Jeppesen’s Mobile FliteDeck went live on Apple’s AppStore on July 25 and had been downloaded more than 3,000 times before Jeppesen formally announced the iPad app’s release three days later. Mobile FliteDeck builds on Jeppesen’s Mobile TC, which displayed worldwide terminal charts on the iPad, with new functionality, including en route charts and geo-referenced (own-ship) position display on GPS-equipped iPads.
Mobile FliteDeck is a complete cockpit paper replacement, replacing all Jeppesen paper charts in an Airway Manual subscription, worldwide. Even better, the own-ship position feature works anywhere in the world, as long as GPS signals are available. The own-ship locating feature can be switched off to satisfy regulators who are unhappy with geo-referencing on iPads (considered a Class 1 EFB). Unlike most iPad moving-map apps, Mobile FliteDeck does not have the own-ship on-off in its settings; the own-ship setting must be changed in the iPad’s native settings, under the JeppFD sub-setting tab. Note that own-ship position display is on en route and airport charts, but not on approach charts. Own-ship position display on approach charts is planned for sometime in the future, according to Jeff Buhl, senior manager, enterprise solutions. “When Jeppesen displays the aircraft position on our charts and data-driven en route solution,” he explained, “we engage in a process with our human factors and internal standards team to ensure that what and how we display the own-ship is unambiguous and provides increased situational awareness for the pilot while maintaining a simple and clean user interface. As a company, we could have displayed the aircraft position on our terminal charts, aside from the airport diagram, but did not feel we had met the high standard we are setting for our mobile solutions.”
The entire Jeppesen worldwide subscription–including terminal and en route charts and Airway Manuals for all regions–fills just 1.5 gigabytes. A variety of subscriptions is available, starting with the lowest-cost regional Express, which costs $76 and covers roughly a two- or three-state area in the U.S. The Mobile FliteDeck app is a free download, and any Jeppesen electronic chart subscriber can use an available product key to download the same subscription on the iPad for no additional charge.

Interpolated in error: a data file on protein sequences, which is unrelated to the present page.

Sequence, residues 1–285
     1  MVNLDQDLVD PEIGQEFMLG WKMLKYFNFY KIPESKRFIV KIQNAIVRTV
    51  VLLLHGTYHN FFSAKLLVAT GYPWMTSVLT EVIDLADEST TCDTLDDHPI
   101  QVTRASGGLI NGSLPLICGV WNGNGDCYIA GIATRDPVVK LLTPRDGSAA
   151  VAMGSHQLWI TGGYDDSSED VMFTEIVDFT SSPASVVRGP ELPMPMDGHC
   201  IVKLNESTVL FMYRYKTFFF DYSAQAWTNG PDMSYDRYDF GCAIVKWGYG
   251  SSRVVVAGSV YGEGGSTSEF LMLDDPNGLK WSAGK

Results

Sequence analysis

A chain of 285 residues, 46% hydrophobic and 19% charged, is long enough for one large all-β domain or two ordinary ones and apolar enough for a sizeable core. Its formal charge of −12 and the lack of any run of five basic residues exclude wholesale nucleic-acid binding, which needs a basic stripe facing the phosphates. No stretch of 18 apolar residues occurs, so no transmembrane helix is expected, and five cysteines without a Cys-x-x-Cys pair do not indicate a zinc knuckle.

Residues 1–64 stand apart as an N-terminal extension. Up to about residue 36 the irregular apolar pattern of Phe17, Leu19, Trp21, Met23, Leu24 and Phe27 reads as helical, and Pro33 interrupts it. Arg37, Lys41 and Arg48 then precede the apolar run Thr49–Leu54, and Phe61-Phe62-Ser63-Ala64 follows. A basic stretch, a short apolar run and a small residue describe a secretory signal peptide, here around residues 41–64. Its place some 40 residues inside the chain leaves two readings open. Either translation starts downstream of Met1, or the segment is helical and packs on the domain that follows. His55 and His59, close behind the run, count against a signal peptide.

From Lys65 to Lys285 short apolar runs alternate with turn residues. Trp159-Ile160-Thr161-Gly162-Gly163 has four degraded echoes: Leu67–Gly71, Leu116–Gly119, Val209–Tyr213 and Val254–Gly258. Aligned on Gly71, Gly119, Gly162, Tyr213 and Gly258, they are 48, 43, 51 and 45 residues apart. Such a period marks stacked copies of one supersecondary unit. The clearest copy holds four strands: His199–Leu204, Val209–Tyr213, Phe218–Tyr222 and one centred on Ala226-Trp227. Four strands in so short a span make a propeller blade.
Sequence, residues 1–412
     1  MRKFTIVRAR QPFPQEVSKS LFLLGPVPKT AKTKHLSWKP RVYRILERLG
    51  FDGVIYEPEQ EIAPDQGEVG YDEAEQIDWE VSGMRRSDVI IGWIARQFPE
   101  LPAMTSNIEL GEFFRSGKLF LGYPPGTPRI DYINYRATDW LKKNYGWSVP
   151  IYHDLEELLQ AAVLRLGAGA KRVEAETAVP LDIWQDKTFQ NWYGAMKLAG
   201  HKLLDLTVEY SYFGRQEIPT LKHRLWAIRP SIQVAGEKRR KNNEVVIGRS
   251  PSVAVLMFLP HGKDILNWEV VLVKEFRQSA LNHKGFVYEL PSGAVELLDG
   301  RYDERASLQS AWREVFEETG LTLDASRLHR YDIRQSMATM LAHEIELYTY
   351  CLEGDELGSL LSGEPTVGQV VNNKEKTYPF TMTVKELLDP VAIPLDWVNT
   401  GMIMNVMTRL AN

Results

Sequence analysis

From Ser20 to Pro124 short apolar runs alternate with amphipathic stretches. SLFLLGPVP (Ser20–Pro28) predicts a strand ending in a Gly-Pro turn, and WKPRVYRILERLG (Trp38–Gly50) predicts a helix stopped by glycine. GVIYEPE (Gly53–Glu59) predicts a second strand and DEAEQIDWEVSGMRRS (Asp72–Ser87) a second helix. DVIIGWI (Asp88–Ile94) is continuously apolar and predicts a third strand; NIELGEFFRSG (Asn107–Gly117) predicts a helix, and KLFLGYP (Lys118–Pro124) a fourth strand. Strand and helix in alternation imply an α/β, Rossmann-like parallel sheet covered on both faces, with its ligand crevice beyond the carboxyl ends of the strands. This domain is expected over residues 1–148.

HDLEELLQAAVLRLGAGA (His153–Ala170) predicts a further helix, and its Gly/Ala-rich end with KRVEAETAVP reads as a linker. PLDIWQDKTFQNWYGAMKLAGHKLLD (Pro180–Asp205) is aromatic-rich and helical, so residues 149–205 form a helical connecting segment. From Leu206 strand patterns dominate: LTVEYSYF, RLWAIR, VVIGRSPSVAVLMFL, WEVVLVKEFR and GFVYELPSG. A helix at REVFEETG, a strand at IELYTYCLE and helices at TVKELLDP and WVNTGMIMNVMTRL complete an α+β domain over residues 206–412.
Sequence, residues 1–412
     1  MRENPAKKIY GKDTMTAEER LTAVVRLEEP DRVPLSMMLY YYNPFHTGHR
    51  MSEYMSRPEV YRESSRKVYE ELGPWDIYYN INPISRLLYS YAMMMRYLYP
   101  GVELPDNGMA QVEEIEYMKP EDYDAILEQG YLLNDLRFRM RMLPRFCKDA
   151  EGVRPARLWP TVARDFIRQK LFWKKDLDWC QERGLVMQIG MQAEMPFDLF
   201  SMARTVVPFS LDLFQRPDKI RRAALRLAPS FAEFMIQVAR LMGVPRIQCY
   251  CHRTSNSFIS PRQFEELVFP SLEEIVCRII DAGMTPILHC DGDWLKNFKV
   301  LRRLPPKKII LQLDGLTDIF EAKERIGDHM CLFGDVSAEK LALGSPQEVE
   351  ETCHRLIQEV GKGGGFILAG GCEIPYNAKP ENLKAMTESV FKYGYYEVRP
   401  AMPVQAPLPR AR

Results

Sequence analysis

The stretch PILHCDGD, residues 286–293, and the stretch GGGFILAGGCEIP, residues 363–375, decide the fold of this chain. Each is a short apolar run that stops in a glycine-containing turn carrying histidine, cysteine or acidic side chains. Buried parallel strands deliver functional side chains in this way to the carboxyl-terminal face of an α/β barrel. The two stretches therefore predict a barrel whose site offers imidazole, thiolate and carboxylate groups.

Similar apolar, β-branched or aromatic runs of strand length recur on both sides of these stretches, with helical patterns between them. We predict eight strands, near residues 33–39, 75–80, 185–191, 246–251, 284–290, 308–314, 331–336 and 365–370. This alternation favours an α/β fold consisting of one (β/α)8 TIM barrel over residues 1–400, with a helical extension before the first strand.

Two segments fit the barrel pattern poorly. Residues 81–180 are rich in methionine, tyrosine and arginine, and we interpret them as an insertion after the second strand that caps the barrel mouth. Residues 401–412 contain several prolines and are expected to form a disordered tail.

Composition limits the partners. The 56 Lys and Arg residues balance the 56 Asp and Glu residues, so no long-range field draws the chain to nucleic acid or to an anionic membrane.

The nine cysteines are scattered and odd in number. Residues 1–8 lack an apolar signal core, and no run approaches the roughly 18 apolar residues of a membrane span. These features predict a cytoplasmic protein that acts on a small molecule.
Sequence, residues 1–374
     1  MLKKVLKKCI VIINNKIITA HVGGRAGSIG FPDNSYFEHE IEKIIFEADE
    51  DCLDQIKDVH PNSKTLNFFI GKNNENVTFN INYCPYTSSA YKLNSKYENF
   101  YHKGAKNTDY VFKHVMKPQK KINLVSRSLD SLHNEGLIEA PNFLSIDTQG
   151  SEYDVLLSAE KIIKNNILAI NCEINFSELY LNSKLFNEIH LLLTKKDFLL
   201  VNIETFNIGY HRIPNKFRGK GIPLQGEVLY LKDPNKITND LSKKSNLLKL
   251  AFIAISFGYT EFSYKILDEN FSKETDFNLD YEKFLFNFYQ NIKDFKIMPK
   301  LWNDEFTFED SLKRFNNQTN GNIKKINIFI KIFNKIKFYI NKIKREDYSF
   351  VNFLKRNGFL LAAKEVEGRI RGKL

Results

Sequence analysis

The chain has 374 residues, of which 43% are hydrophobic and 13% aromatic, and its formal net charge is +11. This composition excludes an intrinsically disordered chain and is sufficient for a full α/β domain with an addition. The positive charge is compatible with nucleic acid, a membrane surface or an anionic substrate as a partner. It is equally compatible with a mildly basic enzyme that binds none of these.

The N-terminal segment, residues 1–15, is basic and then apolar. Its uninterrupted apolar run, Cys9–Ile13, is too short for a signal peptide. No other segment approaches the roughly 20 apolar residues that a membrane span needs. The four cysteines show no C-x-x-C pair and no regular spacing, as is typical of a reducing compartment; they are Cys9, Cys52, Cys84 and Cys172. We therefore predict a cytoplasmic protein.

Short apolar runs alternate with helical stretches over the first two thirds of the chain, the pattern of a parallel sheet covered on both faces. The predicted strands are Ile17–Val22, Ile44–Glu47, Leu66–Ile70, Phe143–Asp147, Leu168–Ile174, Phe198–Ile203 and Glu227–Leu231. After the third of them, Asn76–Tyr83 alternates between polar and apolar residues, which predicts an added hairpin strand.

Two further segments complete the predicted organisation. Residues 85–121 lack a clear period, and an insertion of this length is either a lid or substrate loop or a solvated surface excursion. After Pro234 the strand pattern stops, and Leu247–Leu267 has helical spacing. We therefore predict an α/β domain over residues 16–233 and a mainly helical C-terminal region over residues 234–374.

Touching an airport, airspace, airway or other object detail on charts pops up information about that object, including restrictions, frequencies and so on. When the element is airspace, the selected airspace turns purple to highlight the area being viewed. The popup information box does have one annoying drawback; it often covers the airspace that you’re trying to view. Hopefully Jeppesen’s app developer team can fix this and allow the user to touch the info box and slide it out of the way, allowing a view of the information along with its associated airspace. That capability would make this highlighting feature even better.
The app also offers map feature filters, to make viewing complex areas simpler. Buttons on the right bottom side of the app allow easy removal or addition of filters for airports, airways, waypoints, navaids, airspace and terrain.
Jeppesen doesn’t yet offer flight planning on Mobile FliteDeck, but the app will highlight a route, including on either low- or high-altitude airways.
One interesting thing that you learn when plotting routes in Mobile FliteDeck is that there are duplicated waypoints. For example, tagor on V120 east of Seattle is also found on Spain’s west coast.
While looking at Spain’s version of tagor, I tried to return to the Seattle area by typing KSEA in the search field. The popup box offered Seattle-Tacoma International Airport as one of the options, but touching that didn’t move the en route map to Seattle. I finally found that zooming way out so I could see the west coast of the U.S. showed that KSEA was highlighted, so the search function did find the airport, but for some reason didn’t move the map.
Another minor annoyance is that you can’t quickly pull up airport terminal charts while viewing an en route chart. The only information available when viewing an airport while an en route chart is displayed is that airport’s “General,” “Runways,” and “Comms” information. To pull up terminal charts you have to go to the Airports button, then type the airport name into the Airport’s search box. It would be quicker and less confusing to offer the same airport information from any search field; maybe this is another item that Jeppesen’s designers will fix.
Overall, Mobile FliteDeck is another example of Jeppesen’s careful approach to app design. That Jeppesen was able to keep the worldwide Airway Manual database to 1.5 gigabytes is a remarkable achievement. And it doesn’t stop there, as Jeppesen plans to add more features later this year, including flight planning and graphical and textual weather data. Under consideration is connection to inexpensive ADS-B receivers that are now available for the iPad and to Baron Services’ Mobile Link XM WX satellite weather receiver. Jeppesen is also planning to make Mobile FliteDeck available on Android tablets.
A piece of big news for Jeppesen Services Update Manager (JSUM) users is that the company finally is acknowledging the growing use of Apple Macintosh computers in the business aviation community. Jeppesen is planning a Mac version of JSUM, available sometime next year.
Jeppesen also announced a partnership with Flyvie’s video/audio flight recording system. Flyvie will integrate its system with Jeppesen’s flight training products.